Tiger Woods didn’t need to win the final battle of the season to win the war. The playoff match near Atlanta was won by Phil Mickelson, but second place was good enough for Woods to win the FedEx Cup, based on a player points system that starts at the beginning of the golf season.
The FedEx Cup brought Woods a $10 million paycheck. He has now won the cup twice in three years. Last year, he was injured and didn’t compete.
Woods managed to win the cup without winning a single major this year, and is continuing to earn his place in history, tournament by tournament.
Years from now when the only thing to remember Woods is through statistics, video clips and statues put up on courses throughout the country, sports journalists will still no longer ask who was the greatest golfer that ever lived.
They will all gather at a clubhouse restaurant, after a friendly 18, and contemplate the gods of golf — And they will name Tiger “Zeus.”
One young, well-educated, ambitious reporter will speak up.
“But what about Ben Hogan, Arnold Palmer and Jack Nicholas? They were good. Could Tiger have beat them?”
And the seasoned journalist sitting in his company will proudly smile, and nod his head at a portrait of Woods hanging near them.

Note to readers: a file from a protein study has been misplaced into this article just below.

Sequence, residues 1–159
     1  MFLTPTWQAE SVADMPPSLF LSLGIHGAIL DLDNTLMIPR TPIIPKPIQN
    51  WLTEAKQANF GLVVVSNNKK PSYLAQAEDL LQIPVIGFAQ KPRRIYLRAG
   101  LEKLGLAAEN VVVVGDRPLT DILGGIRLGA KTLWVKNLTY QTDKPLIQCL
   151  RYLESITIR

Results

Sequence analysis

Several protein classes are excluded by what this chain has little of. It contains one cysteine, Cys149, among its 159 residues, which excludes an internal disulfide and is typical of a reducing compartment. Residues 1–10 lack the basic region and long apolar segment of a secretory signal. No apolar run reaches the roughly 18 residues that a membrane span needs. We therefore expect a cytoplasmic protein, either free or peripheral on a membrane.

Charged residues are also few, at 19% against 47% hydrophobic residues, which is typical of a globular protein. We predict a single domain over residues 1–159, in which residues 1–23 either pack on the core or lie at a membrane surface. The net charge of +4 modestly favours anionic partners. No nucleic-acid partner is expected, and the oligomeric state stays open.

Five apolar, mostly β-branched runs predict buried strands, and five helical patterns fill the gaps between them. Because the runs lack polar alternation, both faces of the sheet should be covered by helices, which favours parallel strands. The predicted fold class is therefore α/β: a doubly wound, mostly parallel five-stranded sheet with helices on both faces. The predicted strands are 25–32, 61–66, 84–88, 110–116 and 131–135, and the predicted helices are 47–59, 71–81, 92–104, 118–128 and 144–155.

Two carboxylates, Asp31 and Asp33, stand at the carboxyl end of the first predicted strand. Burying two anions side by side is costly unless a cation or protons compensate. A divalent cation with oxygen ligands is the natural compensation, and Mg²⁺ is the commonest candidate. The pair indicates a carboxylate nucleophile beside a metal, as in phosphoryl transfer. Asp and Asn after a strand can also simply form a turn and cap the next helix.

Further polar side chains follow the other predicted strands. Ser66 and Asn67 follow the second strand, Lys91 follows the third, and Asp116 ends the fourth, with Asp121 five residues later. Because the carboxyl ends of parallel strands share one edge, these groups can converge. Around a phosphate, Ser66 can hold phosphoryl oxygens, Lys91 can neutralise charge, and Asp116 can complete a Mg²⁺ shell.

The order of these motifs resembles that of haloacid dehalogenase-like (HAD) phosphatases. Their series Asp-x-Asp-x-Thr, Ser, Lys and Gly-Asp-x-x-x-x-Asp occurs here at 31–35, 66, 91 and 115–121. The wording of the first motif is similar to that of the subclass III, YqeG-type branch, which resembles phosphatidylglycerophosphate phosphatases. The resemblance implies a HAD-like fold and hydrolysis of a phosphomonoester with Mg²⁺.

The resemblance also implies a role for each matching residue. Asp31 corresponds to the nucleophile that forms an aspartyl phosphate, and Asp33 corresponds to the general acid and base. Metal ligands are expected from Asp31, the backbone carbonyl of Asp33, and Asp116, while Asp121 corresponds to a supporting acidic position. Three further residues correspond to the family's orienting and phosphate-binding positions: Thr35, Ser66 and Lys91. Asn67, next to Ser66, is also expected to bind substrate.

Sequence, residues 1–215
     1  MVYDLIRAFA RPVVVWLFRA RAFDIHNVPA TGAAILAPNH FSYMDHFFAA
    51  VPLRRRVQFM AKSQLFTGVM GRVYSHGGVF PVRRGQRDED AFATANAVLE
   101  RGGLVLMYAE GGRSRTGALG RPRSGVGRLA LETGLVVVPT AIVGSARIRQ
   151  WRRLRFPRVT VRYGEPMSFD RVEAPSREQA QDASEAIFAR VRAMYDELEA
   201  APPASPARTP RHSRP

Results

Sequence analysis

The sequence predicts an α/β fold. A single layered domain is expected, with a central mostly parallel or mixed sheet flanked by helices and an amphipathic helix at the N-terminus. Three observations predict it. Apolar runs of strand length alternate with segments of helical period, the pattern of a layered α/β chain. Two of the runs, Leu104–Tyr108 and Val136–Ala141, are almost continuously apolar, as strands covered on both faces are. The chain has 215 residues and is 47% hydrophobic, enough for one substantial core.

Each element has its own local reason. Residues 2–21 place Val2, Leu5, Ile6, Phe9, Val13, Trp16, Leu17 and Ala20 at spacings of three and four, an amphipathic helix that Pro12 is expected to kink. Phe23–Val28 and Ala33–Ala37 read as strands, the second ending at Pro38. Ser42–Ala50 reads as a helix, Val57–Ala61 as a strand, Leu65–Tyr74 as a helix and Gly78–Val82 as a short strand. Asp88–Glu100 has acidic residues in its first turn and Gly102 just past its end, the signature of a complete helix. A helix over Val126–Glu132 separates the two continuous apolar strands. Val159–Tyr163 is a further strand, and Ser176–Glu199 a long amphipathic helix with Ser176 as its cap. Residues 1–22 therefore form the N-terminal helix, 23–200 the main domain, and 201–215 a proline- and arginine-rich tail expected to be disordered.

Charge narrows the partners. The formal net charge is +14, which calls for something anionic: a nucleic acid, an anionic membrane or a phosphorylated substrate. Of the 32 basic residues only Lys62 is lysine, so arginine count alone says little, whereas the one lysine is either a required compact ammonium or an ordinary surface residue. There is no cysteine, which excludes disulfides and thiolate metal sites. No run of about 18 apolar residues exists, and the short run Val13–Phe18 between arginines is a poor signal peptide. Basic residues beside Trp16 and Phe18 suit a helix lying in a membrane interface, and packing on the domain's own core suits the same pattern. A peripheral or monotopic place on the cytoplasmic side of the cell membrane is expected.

“That’s the greatest golfer that every lived,” he will say.
He will say this because he watched Tiger play tournament after tournament through thick and thin — family death or personal injury — and still be the one everyone is chasing — the eagle sinking fist pumps and the Sunday afternoon jacket-fittings.
For the first time in UNF history, an Osprey golfer understands how it feels to be ranked No. 1 and may be able to be the same thing Tiger once was, the best golfer in the NCAA.
Being ranked No. 1 by Jeff Sagarin is a pretty amazing feat.
Last year, Sagarin was not too nice to UNF’s struggling men’s basketball program at one point ranking them 344 of 347.
UNF’s Sean Dale was home-schooled growing up in the Jacksonville area. He has played in numerous local tournaments and leads the UNF golf team to No. 15 in the country, according to Sagarin and Golf Weekly rankings.
This is by far the best athletic team on campus. Most of the other team sports’ winning percentages have suffered throughout the Division I transition.
Dale told the Spinnaker’s sports editor he would like to turn professional one day.
Going to see our golf team, you might find yourself watching a major-champion in the making. So before the hype of basketball begins, go watch something the Gators don’t watch — Sean Dale.